A worker fills up a car with fuel at a gas station in Lianyungang city, East China's Jiangsu province. [Photo/Xinhua]
The US Information Administration (EIA) forecasts in a report on Tuesday that the United States will become the world' s leading producer of crude oil if the output remains the current momentum.
Based on the June Short-Term Energy Outlook (STEO), EIA forecast US crude oil production to average 10.8 million barrels per day in 2018, up from 9.4 million barrels per day in 2017, and to average 11.8 million barrels per day in 2019.
If realized, both of these forecast levels would surpass the previous record of 9.6 million barrels per day set in 1970.
EIA estimated that US crude oil production averaged 10.9 million barrels per day in June, up 0.1 million barrels per day from the May level. US crude output has remained above the 10 million barrels per day mark since February.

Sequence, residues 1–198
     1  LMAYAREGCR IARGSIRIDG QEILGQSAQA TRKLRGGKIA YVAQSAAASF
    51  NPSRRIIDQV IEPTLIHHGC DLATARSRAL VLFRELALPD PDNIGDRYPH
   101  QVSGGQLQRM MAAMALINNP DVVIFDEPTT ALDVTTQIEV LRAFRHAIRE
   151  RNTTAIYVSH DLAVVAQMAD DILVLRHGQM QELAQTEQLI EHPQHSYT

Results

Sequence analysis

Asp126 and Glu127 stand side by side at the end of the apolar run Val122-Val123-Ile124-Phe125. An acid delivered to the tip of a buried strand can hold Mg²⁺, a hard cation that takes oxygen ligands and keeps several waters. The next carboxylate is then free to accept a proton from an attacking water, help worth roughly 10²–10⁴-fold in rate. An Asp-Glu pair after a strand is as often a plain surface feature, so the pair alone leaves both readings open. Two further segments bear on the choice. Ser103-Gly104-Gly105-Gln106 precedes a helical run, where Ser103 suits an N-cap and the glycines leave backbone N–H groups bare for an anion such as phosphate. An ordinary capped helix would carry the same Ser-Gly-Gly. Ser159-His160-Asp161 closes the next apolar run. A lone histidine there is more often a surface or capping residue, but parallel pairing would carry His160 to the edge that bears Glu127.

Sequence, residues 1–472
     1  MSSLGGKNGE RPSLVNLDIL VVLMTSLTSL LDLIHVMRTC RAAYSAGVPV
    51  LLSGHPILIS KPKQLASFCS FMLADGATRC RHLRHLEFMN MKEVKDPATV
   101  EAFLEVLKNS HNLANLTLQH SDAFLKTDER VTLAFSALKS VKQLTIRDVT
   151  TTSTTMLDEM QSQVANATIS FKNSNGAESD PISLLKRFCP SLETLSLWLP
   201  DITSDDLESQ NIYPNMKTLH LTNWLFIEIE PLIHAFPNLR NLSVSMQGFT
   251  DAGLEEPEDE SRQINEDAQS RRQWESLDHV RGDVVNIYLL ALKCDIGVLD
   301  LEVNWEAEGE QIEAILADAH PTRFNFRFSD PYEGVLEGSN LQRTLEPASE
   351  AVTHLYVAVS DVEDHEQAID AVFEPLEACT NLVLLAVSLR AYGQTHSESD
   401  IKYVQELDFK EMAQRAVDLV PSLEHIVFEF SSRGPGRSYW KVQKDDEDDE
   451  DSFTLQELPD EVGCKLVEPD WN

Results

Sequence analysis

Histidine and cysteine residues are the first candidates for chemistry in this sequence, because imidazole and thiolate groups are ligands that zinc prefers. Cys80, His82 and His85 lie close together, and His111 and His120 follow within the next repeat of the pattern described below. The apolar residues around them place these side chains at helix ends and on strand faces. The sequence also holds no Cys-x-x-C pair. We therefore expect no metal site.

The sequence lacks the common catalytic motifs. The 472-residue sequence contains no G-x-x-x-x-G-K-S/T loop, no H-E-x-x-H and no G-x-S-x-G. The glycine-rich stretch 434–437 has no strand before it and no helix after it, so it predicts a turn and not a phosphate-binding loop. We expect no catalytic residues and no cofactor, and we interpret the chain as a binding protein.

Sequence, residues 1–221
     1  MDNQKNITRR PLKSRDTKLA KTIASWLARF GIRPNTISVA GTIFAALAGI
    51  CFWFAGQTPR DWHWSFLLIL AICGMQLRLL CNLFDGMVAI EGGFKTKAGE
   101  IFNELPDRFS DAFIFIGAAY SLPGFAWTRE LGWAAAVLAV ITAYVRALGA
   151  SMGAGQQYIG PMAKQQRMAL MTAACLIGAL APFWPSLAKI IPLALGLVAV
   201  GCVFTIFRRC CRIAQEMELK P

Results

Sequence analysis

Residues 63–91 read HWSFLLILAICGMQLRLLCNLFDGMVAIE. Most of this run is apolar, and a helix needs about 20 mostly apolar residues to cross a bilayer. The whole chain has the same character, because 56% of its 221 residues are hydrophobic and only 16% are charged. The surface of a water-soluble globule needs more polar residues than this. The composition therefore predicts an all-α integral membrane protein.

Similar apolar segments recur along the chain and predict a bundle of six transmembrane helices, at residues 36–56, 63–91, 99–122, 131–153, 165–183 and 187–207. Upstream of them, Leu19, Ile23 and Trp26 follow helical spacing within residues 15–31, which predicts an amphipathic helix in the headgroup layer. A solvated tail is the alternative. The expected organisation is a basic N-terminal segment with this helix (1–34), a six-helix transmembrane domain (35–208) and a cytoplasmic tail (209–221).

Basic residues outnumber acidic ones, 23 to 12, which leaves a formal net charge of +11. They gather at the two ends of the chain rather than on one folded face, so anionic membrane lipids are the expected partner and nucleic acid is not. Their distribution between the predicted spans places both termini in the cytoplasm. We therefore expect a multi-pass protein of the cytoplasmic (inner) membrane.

The Organization of the Petroleum Exporting Countries (OPEC) crude oil production averaged 31.9 million barrels per day in June.
Although the OPEC and non-OPEC participants agreed on November last year to extend the production cuts through the end of 2018 in order to reduce global oil inventories, tightening market conditions led the group to relax the production cuts starting this month.
EIA expected that OPEC crude oil output will decrease by less than 0.1 million barrels per day on average in 2019, which reflects crude oil production increases from some producers that mostly make up for expected declines of more than 1.0 million barrels per day in Iran and Venezuela combined.
Meanwhile, EIA forecasts that total US crude oil and petroleum product net imports will fall from an annual average of 3.7 million barrels per day in 2017 to an average of 2.4 million barrels per day in 2018 and to an average of 1.6 million barrels per day in 2019, which would be the lowest level of net imports since 1958.